The EPA released a draft of its study, U.S. EPA Assessment of the Potential Impacts of Hydraulic Fracturing for Oil and Gas on Drinking Water Resources (External Review Draft), EPA, Washington, DC, EPA/600/R-15/047, 2015, assessing the impact of hydraulic fracturing (fracking) on drinking water in early June (the draft Assessment). According to the EPA’s press release, the study finds that “hydraulic fracturing activities have not led to widespread, systemic impacts to drinking water resources,” but “identifies important vulnerabilities.” 

The draft Assessment evaluated the potential impact of fracking at each stage of the Hydraulic Fracturing Water Cycle: water acquisition, chemical mixing, well injection, flowback, and wastewater treatment and waste disposal. The study’s objective was to “assess the potential impacts of hydraulic fracturing on drinking water resources, if any, and to identify the driving factors that may affect the severity and frequency of such impacts.” The draft Assessment “provides a review and synthesis of available scientific literature and data to assess the potential for hydraulic fracturing for oil and gas to impact the quality or quantity of drinking water resources, and identifies factors affecting the frequency or severity of any potential impacts.”

According to Dr. Thomas A. Burke, EPA’s Science Advisor and Deputy Assistant Administrator of EPA’s Office of Research and Development, the draft Assessment “is the most complete compilation of scientific data to date, including over 950 sources of information, published papers, numerous technical reports, information from stakeholders and peer-reviewed EPA scientific reports.”

[H]ydraulic fracturing activities have not led to widespread, systemic impacts to drinking water resources . . .

Supporters of fracking, such as American Petroleum Institute Upstream Group Director Erik Milito, say that the evidence gathered by EPA confirms that “[h]ydraulic fracturing is being done safely under the strong environmental stewardship of state regulators and industry best practices.” Meanwhile, opponents note that the EPA’s review found specific instances where well integrity and wastewater management related to hydraulic fracturing activities impacted drinking water resources. “The EPA’s water quality study confirms what millions of Americans already know – that dirty oil and gas fracking contaminates drinking water,” said Sierra Club Executive Director Michael Brune.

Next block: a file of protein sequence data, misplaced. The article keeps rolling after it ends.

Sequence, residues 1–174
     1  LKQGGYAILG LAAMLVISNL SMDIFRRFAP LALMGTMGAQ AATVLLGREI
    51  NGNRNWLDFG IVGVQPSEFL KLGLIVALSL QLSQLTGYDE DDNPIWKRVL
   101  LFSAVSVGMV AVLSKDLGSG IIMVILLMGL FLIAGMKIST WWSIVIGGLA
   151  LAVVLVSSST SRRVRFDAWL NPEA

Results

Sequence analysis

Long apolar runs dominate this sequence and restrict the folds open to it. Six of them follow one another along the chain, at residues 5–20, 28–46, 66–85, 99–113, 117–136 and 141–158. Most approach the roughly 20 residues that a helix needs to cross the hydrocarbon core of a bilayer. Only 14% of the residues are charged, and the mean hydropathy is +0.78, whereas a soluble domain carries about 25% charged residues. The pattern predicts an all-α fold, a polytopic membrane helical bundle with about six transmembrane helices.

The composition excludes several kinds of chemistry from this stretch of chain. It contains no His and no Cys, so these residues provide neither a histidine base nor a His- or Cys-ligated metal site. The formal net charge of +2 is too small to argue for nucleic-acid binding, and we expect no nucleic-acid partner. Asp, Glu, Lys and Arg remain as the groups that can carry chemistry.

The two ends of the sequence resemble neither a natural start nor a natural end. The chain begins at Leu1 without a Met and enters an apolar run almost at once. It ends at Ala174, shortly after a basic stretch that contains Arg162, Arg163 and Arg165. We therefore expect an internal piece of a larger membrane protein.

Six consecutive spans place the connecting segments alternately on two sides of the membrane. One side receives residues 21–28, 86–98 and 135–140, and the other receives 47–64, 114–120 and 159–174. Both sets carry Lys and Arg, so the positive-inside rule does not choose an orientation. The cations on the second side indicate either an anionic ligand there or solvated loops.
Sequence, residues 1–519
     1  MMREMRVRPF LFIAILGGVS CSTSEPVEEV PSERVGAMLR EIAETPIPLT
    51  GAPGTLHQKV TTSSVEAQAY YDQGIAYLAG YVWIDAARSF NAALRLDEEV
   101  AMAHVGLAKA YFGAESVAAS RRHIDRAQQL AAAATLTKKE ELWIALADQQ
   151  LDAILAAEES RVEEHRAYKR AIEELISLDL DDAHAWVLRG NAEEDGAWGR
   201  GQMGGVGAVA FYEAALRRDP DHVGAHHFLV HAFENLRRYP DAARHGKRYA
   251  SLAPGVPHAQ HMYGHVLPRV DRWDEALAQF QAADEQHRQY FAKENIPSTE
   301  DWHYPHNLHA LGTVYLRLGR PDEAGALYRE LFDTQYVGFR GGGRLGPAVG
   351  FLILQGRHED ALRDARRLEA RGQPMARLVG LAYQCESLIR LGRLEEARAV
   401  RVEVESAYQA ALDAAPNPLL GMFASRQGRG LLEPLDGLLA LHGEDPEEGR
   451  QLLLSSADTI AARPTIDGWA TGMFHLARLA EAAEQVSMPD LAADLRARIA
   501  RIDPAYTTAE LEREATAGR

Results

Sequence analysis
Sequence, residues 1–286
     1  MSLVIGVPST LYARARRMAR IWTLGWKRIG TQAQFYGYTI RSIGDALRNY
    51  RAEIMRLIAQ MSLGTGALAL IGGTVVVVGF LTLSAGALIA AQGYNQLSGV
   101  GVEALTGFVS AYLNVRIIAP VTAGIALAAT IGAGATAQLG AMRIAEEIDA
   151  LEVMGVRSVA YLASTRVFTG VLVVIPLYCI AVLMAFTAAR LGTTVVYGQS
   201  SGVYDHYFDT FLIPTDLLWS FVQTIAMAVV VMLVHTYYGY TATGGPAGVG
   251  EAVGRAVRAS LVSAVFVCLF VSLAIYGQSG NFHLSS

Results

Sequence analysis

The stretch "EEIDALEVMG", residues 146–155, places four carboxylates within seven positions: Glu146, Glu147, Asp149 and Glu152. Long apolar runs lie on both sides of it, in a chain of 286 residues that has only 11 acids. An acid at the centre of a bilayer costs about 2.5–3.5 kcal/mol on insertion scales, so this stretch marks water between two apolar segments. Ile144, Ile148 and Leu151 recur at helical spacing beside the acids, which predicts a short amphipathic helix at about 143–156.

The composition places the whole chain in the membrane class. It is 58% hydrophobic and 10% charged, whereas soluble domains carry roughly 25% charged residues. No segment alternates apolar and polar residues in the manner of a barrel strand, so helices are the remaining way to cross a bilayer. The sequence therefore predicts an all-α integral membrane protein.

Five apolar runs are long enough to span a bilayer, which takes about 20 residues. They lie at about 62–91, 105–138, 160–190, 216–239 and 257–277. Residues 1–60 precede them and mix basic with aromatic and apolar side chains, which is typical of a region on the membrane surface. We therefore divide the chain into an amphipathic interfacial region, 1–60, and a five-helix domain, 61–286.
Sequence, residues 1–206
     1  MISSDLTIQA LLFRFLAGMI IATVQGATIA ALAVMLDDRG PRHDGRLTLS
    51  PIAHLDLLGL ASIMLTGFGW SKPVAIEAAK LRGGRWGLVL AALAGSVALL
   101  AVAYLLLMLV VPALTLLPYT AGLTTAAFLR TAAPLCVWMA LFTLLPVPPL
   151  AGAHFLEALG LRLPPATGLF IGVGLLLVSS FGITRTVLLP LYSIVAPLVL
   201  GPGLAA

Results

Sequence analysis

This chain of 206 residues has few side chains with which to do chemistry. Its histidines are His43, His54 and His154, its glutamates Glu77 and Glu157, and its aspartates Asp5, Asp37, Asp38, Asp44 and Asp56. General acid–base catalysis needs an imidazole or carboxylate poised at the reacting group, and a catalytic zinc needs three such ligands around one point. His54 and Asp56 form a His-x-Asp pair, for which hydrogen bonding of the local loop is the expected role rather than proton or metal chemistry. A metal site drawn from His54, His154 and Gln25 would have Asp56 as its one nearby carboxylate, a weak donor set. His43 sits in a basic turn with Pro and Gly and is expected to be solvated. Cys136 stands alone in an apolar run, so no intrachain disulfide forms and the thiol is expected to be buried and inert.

Numerous peer-reviewed EPA scientific reports were also released on the same day as the draft Assessment. Those reports were a part of EPA’s overall hydraulic fracturing drinking water study and contributed to the findings outlined in the draft assessment. More than 20 peer-reviewed articles or reports were published as part of this EPA’s draft Assessment.

You can read more posts about the fracking/potential health hazard debate here, here, and here.   For more on fracking and environmental law see our sister blog Energy & Environmental Law Advisor and its post on the EPA’s draft Assessment.

The draft Assessment will be finalized after review by the Science Advisory Board (SAB) and public review and comment. The Federal Register Notice with information on the SAB review and how to comment on the draft assessment can be found here.